Do you ever feel like your attempts to change the world fall on deaf ears? It’s a pretty common experience.
Here are 5 quick ideas to help engage others for good.
1. Emotion rules.
We like to think we’re motivated by facts and logic, but we’re not. We’re biologically hard wired from way back to feel first, act next and think last. (Sabre tooth tiger FEAR! THREAT! RUN!) Only later does our rational brain engage – by which time, feelings are out in front.
What that means: What are people likely already feeling about the thing you want to change?
We’re all far more willing to consider new ideas when we feel happy and encouraged – how can you help create that environment?
Share good news about the issues you care about and have the kind of presence that people warm to.
Tell your own story about why an issue really matters to you. If there are negative emotions involved in that – rage, sorrow – that’s okay too. Just be mindful about who you’re talking to, how they’re feeling and what you want to achieve. (More on that below)
2. Relationships matter.
We are far more likely to change our minds, give money or take action when information is delivered by people we know and like – other members of our ‘tribe.’ A lone monkey is a dead monkey- belonging to a group is critical to our sense wellbeing. No one changes ‘groups’ unless they feel safe and welcome in the new space, and although we’re more connected globally than ever, it’s mostly with people who think the way we do. We put each other in camps and those outside our camp have little chance of influencing our thinking and acting.
What that means: while you don’t need to stick to preaching to the converted, work most within your genuine sphere of influence – who likes and knows you?
Where are your common spaces, and which edges can you help shift a little toward the outcome you’re looking for?
If you have a shared faith, a shared love for your family, or other common interests, that’s fertile ground. Gently put down some seed, sunlight and water and you’ll have a shot at growing something people are ready to take on board. New, but not too radical!
You’re going to need to invest a lot more time into people with whom you have few similarities if you want to genuinely create change. That doesn’t mean you shouldn’t try, but be mindful of what you’re up against and where you can best spend your efforts. Ask yourself: what’s the best strategic way to engage? And be really careful not to sneer or attack those with different views – people don’t gravitate toward groups that belittle them.
3. Know your strengths.
The social change team is made up of a whole range of players – quiet influencers, protestors/activists, advocates, public communicators. Each has its pros and cons.
- Quiet influencers sometimes feel they’re not making much difference.
- Protestors/activists can come across over-emotional and ranty.
- Advocates who are willing to compromise in order to inch toward an outcome cop flack from those who think they’re flaky or unemotional.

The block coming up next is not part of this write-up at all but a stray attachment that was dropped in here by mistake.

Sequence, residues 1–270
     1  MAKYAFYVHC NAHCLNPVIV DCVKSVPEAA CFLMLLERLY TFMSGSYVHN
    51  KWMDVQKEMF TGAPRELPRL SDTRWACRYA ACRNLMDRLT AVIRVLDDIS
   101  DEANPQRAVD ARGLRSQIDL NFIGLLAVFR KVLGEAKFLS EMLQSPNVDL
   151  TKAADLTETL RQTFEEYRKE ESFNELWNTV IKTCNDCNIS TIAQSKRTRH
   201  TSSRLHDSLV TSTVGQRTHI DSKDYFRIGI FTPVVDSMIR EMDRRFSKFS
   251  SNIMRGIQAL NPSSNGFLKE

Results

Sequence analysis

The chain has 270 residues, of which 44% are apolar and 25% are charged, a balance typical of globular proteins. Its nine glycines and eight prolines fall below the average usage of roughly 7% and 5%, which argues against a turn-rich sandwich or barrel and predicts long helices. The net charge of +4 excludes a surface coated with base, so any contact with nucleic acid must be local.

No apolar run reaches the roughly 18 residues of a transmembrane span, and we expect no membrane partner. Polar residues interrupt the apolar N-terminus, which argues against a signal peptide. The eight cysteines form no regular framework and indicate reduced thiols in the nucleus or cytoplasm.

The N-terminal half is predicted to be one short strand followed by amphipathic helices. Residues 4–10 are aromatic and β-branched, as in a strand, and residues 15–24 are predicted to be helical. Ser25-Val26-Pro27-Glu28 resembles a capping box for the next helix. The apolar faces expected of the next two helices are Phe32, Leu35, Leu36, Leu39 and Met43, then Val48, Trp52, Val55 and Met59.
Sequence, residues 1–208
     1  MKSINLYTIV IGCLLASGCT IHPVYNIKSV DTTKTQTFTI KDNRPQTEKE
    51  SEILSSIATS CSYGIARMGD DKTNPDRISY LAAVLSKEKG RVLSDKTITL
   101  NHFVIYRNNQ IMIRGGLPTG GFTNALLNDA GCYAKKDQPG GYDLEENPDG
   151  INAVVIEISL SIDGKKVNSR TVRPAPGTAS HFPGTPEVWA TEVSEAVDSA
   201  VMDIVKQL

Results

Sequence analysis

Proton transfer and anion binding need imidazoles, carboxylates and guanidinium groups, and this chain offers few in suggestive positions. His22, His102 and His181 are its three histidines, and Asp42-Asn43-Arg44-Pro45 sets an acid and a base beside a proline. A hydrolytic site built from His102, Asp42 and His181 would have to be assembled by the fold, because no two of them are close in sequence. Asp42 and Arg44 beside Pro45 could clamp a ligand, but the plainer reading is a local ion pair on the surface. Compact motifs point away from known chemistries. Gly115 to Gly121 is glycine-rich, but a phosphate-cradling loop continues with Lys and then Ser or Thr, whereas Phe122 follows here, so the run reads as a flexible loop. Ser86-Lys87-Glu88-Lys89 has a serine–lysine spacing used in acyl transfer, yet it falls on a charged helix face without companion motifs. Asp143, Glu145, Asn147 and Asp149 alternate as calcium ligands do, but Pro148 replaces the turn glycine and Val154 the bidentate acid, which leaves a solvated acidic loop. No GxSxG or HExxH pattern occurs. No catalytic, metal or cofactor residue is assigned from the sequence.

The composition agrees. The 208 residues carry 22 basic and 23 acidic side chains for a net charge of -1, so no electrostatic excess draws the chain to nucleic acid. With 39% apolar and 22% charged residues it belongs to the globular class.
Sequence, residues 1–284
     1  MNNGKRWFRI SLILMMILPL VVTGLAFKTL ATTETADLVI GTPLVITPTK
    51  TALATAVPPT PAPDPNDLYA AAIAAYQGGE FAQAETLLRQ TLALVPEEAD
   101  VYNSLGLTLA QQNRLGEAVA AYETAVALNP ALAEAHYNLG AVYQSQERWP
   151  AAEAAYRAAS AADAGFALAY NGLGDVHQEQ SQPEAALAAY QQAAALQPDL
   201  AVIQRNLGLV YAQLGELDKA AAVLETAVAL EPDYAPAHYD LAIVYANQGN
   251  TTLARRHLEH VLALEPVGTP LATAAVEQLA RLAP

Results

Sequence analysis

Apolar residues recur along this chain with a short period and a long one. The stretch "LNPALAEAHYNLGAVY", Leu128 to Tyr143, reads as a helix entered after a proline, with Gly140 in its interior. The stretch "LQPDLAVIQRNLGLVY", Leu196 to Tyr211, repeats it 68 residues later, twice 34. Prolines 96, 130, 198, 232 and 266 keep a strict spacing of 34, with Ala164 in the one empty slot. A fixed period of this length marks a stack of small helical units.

- Public communicators risk only singing to the same choir.
That’s why we need each other, and we need to know in what way we find it easiest to create change.
What this means: What kind of changemaker are you?
Invest in developing that part of yourself and don’t beat yourself up if you don’t do things the same way as others.
We all need each other.
4. What about bad news and negative feelings?
It’s true that bad news is shared more quickly and widely than other news. That’s why our news cycle feeds on drama and despair – there’s no money without eyes on pages and screens. Terrible things do need to be addressed. But we need to be really clear about what we’re aiming for when we raise these issues.
What this means: Make sure you have an outlet for feelings like rage or sorrow among people you know and trust. Be careful about how and when you take that public.
While it’s fair to vent about the appalling treatment of women or indigenous people, what’s your goal? Personal processing or creating change?
They’re both valid, but they’re different. Be clear about what you’re trying to achieve.
5. Say less, do more
To quote Mark Twain: “Action speaks louder than words, but not nearly as often.” While you may not think you’re taking action, someone has suggested that all you need to determine what a person cares about is access to their bank statements and the call/message list on their phone.
What this means: We have more power than we realise in terms of taking action.
Find the nearest point where the issue impacts you and get hands on.
Write to someone. Give a donation. Start a study group. Pray. Support local women, use less electricity, visit asylum seekers in the community. People tend to follow the example of others more closely than the rhetoric.
Want to know more about the process of persuasion and change?
Thinking of helping us share the news about our campaign to beat poverty and build hope?
Below is our campaign video and this is the link to download and share it to your own networks via email or a text to people you think will be interested. You could also share on Facebook and tag some friends who you know will be supportive.
Adapt your caption to suit your own voice, but you could use something like:
“Love this video! A really inspiring look at how UnitingWorld are helping people take control of their lives, build hope and end poverty.
At the moment donations to UnitingWorld will have up to six times the impact due to their partnership with the Australian government, which seems like an incredibly effective way to share our resources. I’m going to donate because (why would you give to this?) Click the link here if you want to know more.”